While the above qualities form the basic platform of leadership, in the sphere of business leadership, leaders can be classified into two main categories like transactional and transformational leadership. Transactional leadership usually takes the route of “give-and-take” principle and “seeks to maintain stability rather than promoting change within an organization through regular economic and social exchanges that achieve specific goals for both the leaders and their followers” (Lussier & Achua, 2004). Transactional leaders “use rewards and punishments to promote performance, thereby making the leader-follower relationship an economic exchange transaction” (Gellis, 2001; Jung & Avolio, 1999).

On the other hand, transformational leadership wants to transform the followers from the core, and its improvised version commands a 24/7 selfless service from the leaders following this style (Greenleaf, 1977). This concept visibly suits with the requirement of the current situation that asks about giving more for less, and accordingly this study opts to review the qualities of servant leadership in brief

A Brief Review of Servant Leadership:

Servant leadership “involves ethics and sets long-term goals” (Northouse, 1997), and according to its mentor, Robert Greenleaf (1977), “leaders should be servant first.” Accordingly Greenleaf presented a list of 11 identifiable traits in a servant leader, which he thought is an assortment of inherent and acquired qualities.

1) Calling: The leaders should possess an intrinsic desire to serve, which would be the hallmark of their actions and their basic intentions.

2) Listening: The leaders should possess an inherent or acquired skill of listening and should be attentive and truly interested in the views of their followers.

3) Empathy: The leaders should possess a natural ability to empathize and earn confidence from their followers.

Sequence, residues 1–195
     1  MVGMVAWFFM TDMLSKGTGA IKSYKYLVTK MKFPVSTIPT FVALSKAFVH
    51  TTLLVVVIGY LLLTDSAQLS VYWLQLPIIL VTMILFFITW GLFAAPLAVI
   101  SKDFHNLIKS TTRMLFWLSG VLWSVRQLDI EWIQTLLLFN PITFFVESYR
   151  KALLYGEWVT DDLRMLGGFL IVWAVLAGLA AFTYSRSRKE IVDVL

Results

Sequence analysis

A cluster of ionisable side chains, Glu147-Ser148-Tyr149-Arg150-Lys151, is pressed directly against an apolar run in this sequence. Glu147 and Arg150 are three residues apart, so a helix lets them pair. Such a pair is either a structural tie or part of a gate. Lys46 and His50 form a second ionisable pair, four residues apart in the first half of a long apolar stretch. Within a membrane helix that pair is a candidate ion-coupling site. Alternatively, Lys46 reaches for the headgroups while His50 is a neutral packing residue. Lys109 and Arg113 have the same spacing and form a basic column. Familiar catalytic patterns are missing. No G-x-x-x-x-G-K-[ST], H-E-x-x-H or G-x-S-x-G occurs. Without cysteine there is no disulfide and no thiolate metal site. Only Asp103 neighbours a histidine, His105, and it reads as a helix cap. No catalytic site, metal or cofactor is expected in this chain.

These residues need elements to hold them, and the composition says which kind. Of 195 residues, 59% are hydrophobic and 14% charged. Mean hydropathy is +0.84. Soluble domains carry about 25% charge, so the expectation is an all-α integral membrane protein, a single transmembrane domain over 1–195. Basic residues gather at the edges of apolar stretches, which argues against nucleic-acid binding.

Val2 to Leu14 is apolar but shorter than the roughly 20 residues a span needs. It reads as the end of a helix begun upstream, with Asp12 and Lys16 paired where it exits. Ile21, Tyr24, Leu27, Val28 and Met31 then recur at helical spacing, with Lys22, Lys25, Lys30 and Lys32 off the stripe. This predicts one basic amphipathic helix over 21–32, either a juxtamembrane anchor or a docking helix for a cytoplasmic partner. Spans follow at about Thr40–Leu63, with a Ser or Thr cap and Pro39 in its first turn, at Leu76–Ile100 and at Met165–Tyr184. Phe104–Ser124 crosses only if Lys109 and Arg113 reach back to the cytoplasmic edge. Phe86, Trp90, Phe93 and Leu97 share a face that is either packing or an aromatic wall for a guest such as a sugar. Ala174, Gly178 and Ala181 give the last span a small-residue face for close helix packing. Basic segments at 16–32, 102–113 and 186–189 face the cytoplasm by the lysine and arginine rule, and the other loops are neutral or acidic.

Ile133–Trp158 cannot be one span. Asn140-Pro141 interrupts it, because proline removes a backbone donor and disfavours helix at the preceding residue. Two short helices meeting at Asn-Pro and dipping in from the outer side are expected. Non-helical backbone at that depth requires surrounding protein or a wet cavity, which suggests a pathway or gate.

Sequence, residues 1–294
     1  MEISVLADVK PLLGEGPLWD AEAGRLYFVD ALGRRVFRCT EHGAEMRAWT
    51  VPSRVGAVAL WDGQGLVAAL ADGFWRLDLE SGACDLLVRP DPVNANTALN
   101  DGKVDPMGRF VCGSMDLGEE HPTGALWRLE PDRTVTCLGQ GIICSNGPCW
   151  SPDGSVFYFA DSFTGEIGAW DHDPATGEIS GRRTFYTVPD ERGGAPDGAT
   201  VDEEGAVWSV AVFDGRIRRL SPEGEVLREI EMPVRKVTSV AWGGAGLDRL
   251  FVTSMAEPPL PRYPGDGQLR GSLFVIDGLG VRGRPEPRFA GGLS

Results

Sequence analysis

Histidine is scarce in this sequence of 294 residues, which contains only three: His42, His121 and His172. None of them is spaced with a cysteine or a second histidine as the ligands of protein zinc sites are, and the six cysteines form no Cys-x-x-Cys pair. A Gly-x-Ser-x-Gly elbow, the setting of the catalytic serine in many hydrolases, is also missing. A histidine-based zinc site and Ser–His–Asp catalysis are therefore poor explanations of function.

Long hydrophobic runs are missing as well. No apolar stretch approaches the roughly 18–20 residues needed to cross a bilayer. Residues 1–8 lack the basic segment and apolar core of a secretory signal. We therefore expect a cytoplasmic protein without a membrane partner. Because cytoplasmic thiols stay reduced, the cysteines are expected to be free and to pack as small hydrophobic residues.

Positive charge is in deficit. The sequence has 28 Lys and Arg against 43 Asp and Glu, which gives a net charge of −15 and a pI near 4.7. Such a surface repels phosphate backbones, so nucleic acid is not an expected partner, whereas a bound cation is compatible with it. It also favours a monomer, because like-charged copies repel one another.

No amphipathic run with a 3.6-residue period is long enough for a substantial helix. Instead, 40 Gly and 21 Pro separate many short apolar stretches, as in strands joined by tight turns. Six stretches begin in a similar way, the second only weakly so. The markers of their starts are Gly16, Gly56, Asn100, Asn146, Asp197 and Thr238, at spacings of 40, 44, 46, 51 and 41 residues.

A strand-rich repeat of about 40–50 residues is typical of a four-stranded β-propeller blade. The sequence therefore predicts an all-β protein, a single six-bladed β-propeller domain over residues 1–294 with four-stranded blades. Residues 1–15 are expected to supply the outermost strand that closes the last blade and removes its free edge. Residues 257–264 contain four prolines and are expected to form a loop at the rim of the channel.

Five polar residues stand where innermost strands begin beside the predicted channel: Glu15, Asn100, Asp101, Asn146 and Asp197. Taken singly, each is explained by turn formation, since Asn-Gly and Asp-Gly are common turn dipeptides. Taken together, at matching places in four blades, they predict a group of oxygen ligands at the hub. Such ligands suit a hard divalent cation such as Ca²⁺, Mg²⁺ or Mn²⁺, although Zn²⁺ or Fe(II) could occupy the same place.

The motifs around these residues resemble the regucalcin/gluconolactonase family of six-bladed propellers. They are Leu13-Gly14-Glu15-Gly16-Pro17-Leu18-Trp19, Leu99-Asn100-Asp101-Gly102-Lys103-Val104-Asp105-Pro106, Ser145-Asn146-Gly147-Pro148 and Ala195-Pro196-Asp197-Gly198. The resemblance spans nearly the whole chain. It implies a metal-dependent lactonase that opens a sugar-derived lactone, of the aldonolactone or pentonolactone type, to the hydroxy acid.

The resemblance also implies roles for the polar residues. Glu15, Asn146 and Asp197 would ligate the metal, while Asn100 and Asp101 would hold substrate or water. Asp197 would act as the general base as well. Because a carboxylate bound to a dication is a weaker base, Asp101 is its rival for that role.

4) Healing: The leaders should be able to make space for their followers, thereby enabling them to give vent to their pent-up feelings or collect valuable guidance under crises.

5) Awareness: Leaders should keep abreast of the events taking place all around to prevent any possibility of getting misled by wrong information.

6) Persuasion: The leaders should be able to persuade their followers to do things instead of issuing orders for the same.

7) Conceptualization: The leaders should be able to know what is there inside the box and should be able to guess closely about what could be there outside the box by exercising their creativity.

8) Foresight: This more or less emphasizes the ability to look outside the box, i.e., envisioning the future with the help of logic and wisdom.

9) Stewardship: The leader should be capable to inspire, guide and groom their followers with the intention of seeing each of them as servant leaders in the future.

10) Growth: The leaders should be intrinsically committed to the growth of people, while believing in the unique potential of each individual.

11) Building Community: The leaders should consider their organizations as families and should be capable to create a bonhomie atmosphere.

According to Stone and others (2004), servant leaders are Type S leaders under a framework where servant leadership is considered as Theory S, and is distinctly different from three other theories viz., X, Y and Z as framed by McGregor (1967). The briefest description of them looks like as below:

Theory X: Considers workers as lazy and thus suggests that they need to be monitored and governed.

Theory Y: Considers workers as self-motivated and responsible and have deep interest in their work.

Theory Z: Applies both the ideas as and when necessary.

Theory S: Takes care of leadership motivation and creates a bridge of trust between the leader and the workers, where the workers feel convinced that the leader is trying to empower them.

The above review shows that servant leadership aims to become a selfless catalyst for change, besides aiming to exploit all spiritual knowledge and sense of ethical axioms, which easily traverses beyond the material transaction of the world. Clearly this style of leadership is naturally committed to provide more for less, and which indeed is a good news for the recession-hit business world. The essence of the servant leadership can thus be realized through the following powerful set of words: Figure 7.